Snead was asked about this during his radio appearance and had plenty to say. He praised rookies Tavon Austin (40 catches, 418 yards, six total TDs) and Stedman Bailey (17 catches, 226 yards, one rushing TD), cited Chris Givens' yards-per-catch average in his first two seasons (16.7), Austin Pettis's ability to move the chains and said the organization likes the progress of big Brian Quick (18 catches, 302 yards, two TDs) out of tiny Appalachian State.
"Between those five guys, we're gonna want to play them, keep them fresh, keep defenses off-balance," Snead said. "Maybe one of them doesn't lead the league in receptions or yardage, but between the group I think it's going to make the offense better."
The Rams obviously didn't get the kind of production they wanted out of their wide receivers this season. All five players are under contract for next year, but this is a group that will likely see some changes and could definitely use an upgrade or two.
Austin didn't have the impact some had hoped for in his rookie season, which ended after 13 games because of an ankle injury. But he showed promise and the kind of explosiveness the Rams lacked. Still, his six total touchdowns were more than any St. Louis player scored in 2012 and more than any Rams receiver since Torry Holt scored seven in 2007.
Each of the other four players has showed flashes but not the consistency Fisher's squad needs. Who is going to break out in 2014 or who is going to be out of the mix?
The Rams could address the area again in the draft. I know, you've heard that before. The 2014 Draft is deeeeeeeep with wide receivers and St. Louis could select one with one of its two first-round picks.
Jared Cook's first season with the Rams was viewed as a disappointment by many, even though he led the team with 51 catches for 671 yards and five touchdowns and played more than half the season without Bradford as his quarterback. He has four years left on his $35.11 million contract, which included $19 million guaranteed.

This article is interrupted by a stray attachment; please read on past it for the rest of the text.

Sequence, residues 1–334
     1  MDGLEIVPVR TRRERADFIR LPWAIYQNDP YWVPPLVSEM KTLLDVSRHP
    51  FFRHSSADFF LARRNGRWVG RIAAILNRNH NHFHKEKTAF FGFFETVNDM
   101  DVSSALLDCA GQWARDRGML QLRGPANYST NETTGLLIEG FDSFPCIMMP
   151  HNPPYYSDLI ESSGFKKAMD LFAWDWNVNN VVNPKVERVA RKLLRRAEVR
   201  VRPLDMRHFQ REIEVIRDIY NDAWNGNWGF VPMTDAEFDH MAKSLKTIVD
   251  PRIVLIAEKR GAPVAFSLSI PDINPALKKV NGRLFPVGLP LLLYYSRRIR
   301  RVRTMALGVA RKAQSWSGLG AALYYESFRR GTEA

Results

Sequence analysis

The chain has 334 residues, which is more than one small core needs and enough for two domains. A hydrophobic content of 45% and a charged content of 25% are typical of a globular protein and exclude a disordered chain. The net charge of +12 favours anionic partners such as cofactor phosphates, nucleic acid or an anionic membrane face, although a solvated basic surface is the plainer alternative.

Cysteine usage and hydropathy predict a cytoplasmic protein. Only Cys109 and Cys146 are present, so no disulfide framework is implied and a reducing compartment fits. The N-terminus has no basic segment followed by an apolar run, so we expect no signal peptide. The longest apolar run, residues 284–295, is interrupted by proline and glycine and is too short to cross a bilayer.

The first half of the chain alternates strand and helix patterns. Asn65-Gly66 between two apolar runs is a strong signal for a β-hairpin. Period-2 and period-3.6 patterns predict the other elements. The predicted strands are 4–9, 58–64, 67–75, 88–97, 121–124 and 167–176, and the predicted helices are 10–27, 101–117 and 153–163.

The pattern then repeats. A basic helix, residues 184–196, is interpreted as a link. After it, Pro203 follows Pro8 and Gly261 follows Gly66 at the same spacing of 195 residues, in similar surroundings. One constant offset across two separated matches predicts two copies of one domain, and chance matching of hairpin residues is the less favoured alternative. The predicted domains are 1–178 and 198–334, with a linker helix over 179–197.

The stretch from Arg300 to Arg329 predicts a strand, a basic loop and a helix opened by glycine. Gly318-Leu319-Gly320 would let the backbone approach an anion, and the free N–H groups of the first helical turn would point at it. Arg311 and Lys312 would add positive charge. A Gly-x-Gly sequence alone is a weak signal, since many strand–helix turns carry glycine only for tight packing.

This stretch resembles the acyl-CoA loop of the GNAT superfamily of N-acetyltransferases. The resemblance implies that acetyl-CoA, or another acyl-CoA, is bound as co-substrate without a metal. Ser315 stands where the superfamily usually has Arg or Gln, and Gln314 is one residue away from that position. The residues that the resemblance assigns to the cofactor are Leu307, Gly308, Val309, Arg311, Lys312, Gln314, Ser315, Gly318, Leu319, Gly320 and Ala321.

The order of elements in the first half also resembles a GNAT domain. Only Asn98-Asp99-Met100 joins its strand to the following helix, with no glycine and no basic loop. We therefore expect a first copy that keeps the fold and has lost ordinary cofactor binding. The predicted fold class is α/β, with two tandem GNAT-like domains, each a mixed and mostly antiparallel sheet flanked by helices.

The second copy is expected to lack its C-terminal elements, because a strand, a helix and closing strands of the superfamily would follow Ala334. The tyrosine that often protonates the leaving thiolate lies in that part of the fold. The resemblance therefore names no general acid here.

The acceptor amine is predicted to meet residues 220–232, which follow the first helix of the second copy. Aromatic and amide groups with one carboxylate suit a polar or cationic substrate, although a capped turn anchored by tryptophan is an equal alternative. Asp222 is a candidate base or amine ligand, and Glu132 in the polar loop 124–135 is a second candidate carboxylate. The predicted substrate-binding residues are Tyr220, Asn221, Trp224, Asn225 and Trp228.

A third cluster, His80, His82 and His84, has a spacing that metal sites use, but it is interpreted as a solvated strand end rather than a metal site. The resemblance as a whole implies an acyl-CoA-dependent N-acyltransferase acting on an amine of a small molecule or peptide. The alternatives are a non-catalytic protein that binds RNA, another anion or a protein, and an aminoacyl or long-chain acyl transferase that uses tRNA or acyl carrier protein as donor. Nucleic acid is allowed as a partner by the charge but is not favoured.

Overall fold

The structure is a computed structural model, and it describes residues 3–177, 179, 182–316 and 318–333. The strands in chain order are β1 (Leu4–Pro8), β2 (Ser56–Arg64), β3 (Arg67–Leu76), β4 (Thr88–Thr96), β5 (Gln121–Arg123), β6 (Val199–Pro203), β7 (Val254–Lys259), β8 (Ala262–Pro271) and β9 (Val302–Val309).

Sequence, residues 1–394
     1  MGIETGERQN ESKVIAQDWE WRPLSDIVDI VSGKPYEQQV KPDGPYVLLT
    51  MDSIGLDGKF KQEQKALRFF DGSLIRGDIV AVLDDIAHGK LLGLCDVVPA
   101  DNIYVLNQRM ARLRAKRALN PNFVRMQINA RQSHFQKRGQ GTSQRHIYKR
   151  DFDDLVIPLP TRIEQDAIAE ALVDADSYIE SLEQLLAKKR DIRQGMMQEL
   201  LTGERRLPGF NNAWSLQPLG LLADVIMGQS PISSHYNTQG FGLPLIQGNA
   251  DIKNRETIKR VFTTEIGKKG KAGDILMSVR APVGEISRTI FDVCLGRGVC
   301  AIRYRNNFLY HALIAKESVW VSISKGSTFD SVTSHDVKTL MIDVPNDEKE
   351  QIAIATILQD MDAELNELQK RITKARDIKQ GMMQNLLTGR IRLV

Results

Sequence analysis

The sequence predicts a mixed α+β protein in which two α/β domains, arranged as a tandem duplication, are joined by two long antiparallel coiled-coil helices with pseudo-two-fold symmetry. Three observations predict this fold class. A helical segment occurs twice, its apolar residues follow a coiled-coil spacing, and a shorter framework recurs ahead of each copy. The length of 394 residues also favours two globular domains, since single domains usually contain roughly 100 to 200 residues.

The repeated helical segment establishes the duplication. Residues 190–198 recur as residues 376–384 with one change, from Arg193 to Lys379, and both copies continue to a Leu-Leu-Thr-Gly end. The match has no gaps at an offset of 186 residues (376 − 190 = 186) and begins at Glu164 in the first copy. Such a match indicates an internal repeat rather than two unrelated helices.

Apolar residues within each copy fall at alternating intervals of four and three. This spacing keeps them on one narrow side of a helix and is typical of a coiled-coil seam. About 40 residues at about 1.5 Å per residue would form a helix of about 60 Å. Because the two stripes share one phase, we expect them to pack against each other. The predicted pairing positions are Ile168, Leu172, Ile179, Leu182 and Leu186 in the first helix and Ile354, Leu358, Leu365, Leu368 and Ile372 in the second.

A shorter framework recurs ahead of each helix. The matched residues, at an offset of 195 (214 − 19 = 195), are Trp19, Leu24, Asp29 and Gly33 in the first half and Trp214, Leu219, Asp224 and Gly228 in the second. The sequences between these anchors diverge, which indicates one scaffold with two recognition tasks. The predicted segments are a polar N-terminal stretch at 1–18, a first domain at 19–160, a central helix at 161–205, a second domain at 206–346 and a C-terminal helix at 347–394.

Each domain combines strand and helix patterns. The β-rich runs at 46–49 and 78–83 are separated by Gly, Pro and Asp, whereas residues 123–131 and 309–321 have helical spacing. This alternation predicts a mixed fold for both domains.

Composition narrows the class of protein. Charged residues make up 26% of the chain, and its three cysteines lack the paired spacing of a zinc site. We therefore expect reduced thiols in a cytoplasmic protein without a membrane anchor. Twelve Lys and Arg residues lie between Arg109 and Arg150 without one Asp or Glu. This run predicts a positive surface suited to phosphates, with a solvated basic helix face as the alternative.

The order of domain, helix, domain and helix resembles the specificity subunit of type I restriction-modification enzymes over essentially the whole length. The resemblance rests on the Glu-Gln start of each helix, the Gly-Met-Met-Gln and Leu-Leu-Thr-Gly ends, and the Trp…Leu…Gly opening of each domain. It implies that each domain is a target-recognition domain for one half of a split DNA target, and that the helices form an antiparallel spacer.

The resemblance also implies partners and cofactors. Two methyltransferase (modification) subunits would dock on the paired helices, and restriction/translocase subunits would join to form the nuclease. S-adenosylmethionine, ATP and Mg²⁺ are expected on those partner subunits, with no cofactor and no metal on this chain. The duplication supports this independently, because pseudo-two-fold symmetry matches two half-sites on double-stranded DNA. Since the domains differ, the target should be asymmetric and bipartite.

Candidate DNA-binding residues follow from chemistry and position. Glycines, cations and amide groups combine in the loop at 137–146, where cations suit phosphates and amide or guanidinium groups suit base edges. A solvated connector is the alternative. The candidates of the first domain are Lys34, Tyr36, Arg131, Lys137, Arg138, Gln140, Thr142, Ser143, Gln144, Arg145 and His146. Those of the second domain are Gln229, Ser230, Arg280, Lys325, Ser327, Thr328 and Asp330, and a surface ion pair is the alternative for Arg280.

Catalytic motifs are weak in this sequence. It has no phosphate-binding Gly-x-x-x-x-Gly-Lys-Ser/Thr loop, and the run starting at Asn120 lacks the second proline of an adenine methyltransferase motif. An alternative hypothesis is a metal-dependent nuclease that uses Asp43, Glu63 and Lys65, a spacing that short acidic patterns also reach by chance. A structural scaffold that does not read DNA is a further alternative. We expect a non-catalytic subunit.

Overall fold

This is a solid group that, if it returns intact in 2014, should be able to contribute to the offense in the running and passing attacks.
The Rams' offensive line was a game of musical chairs in 2013. While they were able to be successful for much of the season, this will be a key area to address in the off-season with some difficult decisions ahead.
Jake Long, Scott Wells, Harvey Dahl and Rodger Saffold all suffered injuries that kept them out of action at times but the Rams kept filling in with guys like right tackle Joe Barksdale and center Tim Barnes and were able to create an identity as a power-running team.
Long, who should be recovered from his knee injury by early next season, has four years remaining on the $60 million deal he signed as a free agent last offseason. Youngsters Barnes and Barksdale look like capable starters who can develop. Barrett Jones, a center picked in the fourth round in 2013, has potential as well.
Wells and Dahl are both candidates to be released. Wells is scheduled to make $5.5 million in 2014 while Dahl is set to earn $2 million.
The Rams would be wise to resign Saffold because of his versatility and potential as a guard, but the money has to be right and it's possible someone else could offer him considerably more. Since starting 16 games as a rookie in 2010, Saffold started nine games in 2011, eight in 2012 and nine in 2013. His injury history is a concern.
There are always free agent offensive linemen available but the Rams will have to pay up and recent history has shown that it is difficult to evaluate those players.
Fisher's history tells us that he doesn't select offensive linemen in the first round of the draft. Could that change this spring? Depending on whether or not the Rams resign Saffold and how the team views Barksdale, it would make sense to draft some linemen and there should be some good ones available in the first round.
Offensive tackles Jake Matthews (Texas A&M), Greg Robinson (Auburn), Cyrus Kouandjio (Alabama), Taylor Lewan (Michigan) and Zack Martin (Notre Dame) are considered potential first-rounders. Cyril Richardson, a 6-foot-5, 340-pounder from Baylor, is regarded as the best guard prospect in the draft.